But perhaps one of the most serious problems that we face in the context of climate change, are those few deniers that distort climatology to support their political and economic views.  For example, some researchers have commented that the science of climate change has been distorted, and at the same time science is evoked as a defense. They describe how a handful of scientists obscured the truth, not only about climate change, but issues related to tobacco and to the government’s “star wars” strategic defense system. As they point out, the climate change deniers use the same “play book” that big tobacco firms used to try to convince the public that smoking tobacco was not associated with cancer. (see Oreskes and Conway, 2010).

In the field of science education, professional science teachers have had to deal with a subset of deniers who inhabit or hope to get elected to state legislative houses.  The Next Generation Science Standards, the latest published set of science standards in the U.S. have come under fire for the position and specific content related to climate change and global warming.  There is also the usual protest about teaching evolution, but for this article, we’ll limit it to climate change.

Several states have moved to block the use of the NGSS in their schools.  In Kentucky, a coal-producing state, the legislature blocked the NGSS, but the governor overruled them.  But it is the case in Wyoming where the issue of teaching climate change became a hot political issue.  Apparently some legislators objected to teaching “theories” and not ideas in science that had been proven.  But if we go deeper into the issue, we find that they oppose those theories that don’t fit with their world view.  In this case, supporters of the fossil fuel industry object to teaching any science that might put them in bad light.  In Wyoming, the NGSS was blocked by a footnote added to the state budget that prohibits the spending of any money on the review or revision of student content and performance standards for science.  Even their own!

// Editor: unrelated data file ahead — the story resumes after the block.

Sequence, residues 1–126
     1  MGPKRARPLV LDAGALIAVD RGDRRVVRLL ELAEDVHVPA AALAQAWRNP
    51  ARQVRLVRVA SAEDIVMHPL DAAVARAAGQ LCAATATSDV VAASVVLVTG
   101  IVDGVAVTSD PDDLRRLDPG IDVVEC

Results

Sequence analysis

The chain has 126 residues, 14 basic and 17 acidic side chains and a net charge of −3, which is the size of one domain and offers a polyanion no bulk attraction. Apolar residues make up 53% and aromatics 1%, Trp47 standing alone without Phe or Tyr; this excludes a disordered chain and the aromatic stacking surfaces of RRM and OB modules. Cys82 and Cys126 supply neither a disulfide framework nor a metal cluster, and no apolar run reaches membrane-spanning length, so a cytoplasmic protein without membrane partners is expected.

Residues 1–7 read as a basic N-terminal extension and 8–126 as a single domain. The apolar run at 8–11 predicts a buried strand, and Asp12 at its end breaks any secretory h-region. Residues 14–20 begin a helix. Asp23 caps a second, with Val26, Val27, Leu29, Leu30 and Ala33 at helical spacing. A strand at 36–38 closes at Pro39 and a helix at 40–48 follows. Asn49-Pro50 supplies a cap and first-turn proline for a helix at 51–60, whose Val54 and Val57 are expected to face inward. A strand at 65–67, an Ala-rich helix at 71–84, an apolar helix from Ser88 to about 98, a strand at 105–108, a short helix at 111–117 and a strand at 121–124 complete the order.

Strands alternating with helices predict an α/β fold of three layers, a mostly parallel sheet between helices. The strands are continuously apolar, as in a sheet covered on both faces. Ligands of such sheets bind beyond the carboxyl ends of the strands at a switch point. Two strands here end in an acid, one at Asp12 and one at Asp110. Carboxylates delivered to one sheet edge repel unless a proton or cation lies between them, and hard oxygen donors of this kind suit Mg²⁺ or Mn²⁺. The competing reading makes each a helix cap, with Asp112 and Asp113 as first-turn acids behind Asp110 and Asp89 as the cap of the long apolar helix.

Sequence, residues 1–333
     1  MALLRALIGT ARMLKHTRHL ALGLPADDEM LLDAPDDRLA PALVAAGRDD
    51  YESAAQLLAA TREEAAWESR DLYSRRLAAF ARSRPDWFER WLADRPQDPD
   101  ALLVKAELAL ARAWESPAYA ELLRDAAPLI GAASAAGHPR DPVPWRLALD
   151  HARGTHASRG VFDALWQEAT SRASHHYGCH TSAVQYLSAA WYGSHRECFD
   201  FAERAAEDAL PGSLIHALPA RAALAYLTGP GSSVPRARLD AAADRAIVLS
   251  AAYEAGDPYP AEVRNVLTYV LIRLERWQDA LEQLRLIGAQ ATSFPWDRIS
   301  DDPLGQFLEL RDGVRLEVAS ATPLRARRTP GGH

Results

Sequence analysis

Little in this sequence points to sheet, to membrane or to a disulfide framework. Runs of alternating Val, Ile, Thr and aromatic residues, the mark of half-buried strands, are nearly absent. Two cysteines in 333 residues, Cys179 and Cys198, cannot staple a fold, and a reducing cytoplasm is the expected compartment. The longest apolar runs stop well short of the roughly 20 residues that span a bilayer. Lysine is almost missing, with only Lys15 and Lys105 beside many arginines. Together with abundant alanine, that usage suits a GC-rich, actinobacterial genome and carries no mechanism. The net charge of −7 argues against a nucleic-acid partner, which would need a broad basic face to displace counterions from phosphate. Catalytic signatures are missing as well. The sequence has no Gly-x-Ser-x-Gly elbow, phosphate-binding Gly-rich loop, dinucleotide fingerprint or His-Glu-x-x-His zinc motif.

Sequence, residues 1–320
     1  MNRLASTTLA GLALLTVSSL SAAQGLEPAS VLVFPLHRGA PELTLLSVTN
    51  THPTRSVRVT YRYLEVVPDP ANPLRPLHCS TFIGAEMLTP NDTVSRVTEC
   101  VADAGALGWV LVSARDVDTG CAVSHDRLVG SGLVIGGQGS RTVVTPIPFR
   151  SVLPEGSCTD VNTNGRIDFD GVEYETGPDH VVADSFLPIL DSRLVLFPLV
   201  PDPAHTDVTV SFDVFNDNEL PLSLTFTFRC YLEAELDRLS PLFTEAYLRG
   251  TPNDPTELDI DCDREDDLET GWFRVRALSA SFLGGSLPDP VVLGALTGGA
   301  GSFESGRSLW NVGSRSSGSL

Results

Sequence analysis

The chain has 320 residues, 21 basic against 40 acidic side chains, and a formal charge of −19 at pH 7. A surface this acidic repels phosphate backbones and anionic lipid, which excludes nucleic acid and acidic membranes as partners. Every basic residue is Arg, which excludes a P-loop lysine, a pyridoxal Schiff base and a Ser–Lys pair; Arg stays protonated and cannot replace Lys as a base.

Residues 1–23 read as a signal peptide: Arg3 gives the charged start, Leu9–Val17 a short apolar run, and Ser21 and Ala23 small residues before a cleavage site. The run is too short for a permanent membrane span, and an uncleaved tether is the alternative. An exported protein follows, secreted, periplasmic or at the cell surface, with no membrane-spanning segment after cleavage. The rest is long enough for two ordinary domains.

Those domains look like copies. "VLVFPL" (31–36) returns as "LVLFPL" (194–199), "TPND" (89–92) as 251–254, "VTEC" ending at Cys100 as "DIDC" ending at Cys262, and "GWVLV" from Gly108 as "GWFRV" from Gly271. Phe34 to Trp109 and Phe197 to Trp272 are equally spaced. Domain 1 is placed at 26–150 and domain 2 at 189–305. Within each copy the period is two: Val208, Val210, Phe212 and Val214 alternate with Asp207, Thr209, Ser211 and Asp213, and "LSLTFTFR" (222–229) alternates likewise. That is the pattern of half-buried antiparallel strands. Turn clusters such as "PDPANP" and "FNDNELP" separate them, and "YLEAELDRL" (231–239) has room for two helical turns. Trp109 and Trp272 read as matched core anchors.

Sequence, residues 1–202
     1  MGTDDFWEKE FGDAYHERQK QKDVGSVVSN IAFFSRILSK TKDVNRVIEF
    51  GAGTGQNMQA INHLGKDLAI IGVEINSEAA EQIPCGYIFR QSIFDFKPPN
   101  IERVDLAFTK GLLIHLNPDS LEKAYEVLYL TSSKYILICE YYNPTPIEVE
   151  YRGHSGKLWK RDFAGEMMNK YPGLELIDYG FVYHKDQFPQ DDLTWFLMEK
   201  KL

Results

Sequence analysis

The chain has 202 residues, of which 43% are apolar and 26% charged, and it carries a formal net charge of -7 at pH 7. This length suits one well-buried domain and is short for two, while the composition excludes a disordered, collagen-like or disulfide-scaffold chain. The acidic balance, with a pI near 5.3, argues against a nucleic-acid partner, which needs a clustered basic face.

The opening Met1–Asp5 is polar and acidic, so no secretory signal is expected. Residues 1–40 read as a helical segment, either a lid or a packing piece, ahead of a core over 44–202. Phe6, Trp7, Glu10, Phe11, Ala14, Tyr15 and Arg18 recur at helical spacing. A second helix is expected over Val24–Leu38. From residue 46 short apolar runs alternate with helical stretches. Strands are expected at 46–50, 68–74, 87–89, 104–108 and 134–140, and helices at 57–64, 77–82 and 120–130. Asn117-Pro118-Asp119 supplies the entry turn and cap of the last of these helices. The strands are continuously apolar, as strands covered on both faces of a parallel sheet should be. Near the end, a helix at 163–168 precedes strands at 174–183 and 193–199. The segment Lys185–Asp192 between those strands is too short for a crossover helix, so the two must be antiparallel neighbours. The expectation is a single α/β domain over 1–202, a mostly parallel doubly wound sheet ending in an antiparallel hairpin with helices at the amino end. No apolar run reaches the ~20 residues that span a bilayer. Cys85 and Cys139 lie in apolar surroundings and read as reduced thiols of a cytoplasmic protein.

Will data from the National Climate Assessment change people’s views of climate change.  Maybe, maybe not.  But those that oppose climate change science will probably not be swayed by this report.  After all, it is a government report.

But perhaps if people begin to realize that the extreme weather events that have come to them are do to an increasing risk for several weather events by the warming of the earth.  Most climatologists would agree that we can “blame” a single event (such as Hurricane Sandy) on global warming, but how can we not consider the possibility that the extreme weather events that have been documented over the past twenty years might be due to human activity?

Pictures tell a story more powerful than words, in many instances.  Here are few that might bring back events that affected you.

Figure 2. Extreme earth events in the U.S. Source: Melillo, Jerry M., Terese (T.C.) Richmond, and Gary W. Yohe, Eds., 2014: Climate Change Impacts in the United States: The Third National Climate Assessment. U.S. Global Change Research Program, 841 pp. doi:10.7930/J0Z31WJ2.

Figure 2. Extreme earth events in the U.S. Source: Melillo, Jerry M., Terese (T.C.) Richmond, and Gary W. Yohe, Eds., 2014: Climate Change Impacts in the United States:
The Third National Climate Assessment. U.S. Global Change Research Program, 841 pp. doi:10.7930/J0Z31WJ2.

Do you think the events of the past few years will impact people’s views of climate change?

 

About Jack Hassard

Jack Hassard is a writer, a former high school teacher, and Professor Emeritus of Science Education, Georgia State University.

...and I'M STILL FOR HER.